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How bus driver shortages are impacting central Iowa schools

Johnston and Des Moines Public School are in need of bus drivers. The districts are offering incentives for drivers but say the community can help too.

DES MOINES, Iowa — Besides record-high COVID-19 activity, schools across the nation and right here in Iowa continue to face bus driver shortages, impacting students' day-to-day lives.

As the surge in omicron cases continues, schools are working with what they have when it comes to getting kids to and from classes every day.

Phil Roeder, the Communications Director for Des Moines Public Schools (DMPS), worries the lack of staff is causing a chain of problems.

"Currently, we have about 66 bus drivers that are on our staff. Typically, we want that to be up around 100, or a little more," Roeder said. "So we're operating at about two-thirds of the number of drivers that we would normally like to have on staff. It does slow things down. And so we've had several routes that have been running late."

Des Moines Public School isn't alone.

At Johnston Community School District, Communications Director Lynn Meadows says the school understands buses not being on time is a serious problem, and that they are working towards fixing it.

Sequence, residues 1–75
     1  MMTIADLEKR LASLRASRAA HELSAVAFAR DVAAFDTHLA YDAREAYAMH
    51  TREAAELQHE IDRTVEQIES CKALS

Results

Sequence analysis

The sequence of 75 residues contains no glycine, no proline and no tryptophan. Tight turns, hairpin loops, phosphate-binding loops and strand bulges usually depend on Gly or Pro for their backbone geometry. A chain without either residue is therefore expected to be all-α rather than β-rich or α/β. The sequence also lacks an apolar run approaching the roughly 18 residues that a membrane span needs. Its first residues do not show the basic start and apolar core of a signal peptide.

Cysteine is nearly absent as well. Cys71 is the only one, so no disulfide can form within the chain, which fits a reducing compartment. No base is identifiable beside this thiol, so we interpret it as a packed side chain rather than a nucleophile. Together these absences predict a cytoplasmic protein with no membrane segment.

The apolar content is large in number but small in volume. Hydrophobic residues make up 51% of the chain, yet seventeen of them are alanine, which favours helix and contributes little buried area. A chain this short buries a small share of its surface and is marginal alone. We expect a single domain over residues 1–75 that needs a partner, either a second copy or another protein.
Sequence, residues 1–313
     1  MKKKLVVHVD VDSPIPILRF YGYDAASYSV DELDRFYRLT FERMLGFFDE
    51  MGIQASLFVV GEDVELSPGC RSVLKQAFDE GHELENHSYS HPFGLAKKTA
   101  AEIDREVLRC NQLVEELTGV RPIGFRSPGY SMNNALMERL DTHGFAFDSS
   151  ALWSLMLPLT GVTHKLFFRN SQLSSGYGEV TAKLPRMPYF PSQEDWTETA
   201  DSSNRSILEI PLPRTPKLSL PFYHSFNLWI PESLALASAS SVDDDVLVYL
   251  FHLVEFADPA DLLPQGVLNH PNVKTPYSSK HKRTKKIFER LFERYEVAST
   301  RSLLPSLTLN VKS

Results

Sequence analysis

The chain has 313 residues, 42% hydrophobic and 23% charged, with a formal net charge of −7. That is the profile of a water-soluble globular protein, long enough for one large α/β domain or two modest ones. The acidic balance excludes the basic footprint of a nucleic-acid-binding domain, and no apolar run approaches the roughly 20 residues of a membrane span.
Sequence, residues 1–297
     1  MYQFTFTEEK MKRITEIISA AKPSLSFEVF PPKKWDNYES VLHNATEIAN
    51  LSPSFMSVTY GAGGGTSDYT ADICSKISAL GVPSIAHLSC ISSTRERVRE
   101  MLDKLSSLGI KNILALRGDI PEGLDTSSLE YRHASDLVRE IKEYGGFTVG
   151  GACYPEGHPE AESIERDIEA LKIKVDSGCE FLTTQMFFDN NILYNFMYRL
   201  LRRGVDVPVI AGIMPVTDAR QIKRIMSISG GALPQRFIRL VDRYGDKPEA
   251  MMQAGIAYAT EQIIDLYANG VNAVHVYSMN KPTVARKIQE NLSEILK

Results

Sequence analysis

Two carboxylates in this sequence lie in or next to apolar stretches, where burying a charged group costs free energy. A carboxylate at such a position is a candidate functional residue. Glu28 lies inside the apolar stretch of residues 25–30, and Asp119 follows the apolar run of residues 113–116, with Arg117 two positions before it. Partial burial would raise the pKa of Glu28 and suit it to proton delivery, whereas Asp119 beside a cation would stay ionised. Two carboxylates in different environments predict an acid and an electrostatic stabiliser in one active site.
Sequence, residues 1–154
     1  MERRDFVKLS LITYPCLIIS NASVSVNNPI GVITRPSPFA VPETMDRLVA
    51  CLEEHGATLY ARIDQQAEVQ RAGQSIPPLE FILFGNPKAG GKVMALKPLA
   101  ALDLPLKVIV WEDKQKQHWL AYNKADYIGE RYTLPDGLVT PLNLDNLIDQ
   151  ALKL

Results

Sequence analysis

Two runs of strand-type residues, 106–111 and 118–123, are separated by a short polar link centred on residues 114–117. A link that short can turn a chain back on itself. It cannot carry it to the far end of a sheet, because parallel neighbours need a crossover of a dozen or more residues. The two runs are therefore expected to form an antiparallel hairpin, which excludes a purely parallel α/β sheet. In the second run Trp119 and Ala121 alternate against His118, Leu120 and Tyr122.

"We're getting kids to school late in the morning or getting them home late in the evening. And you know, that's not acceptable, especially getting to school late, we are taking away from their time in the classroom. And so that's not acceptable. We continue to look for solutions," Meadows said.

One of the solutions both school districts shared is enticing drivers with more attractive benefits. According to Meadows, that includes a significant pay raise at Johnston.

"Starting pay for a bus driver now is $24.05. With top tier rate being $30 an hour, there's also a signing bonus of up to $3,000," said Meadows.

Despite sign-on bonuses, Roeder wants the community to know they can help get drivers in buses faster, too.

"Be more cognizant and helpful in terms of trying to stem the tide of the pandemic to get vaccinated, continue to wear a mask," Roeder said. 

Data as of Jan. 9 from the Iowa Department of Public Health says the state's positivity rate is just under 20% for the last 14 days. As of Jan. 4, the IDPH reports Polk County's rate as 16.7%. 

The Polk County Health Department posted on Facebook that the county's rate as of Monday is 28.38%.  

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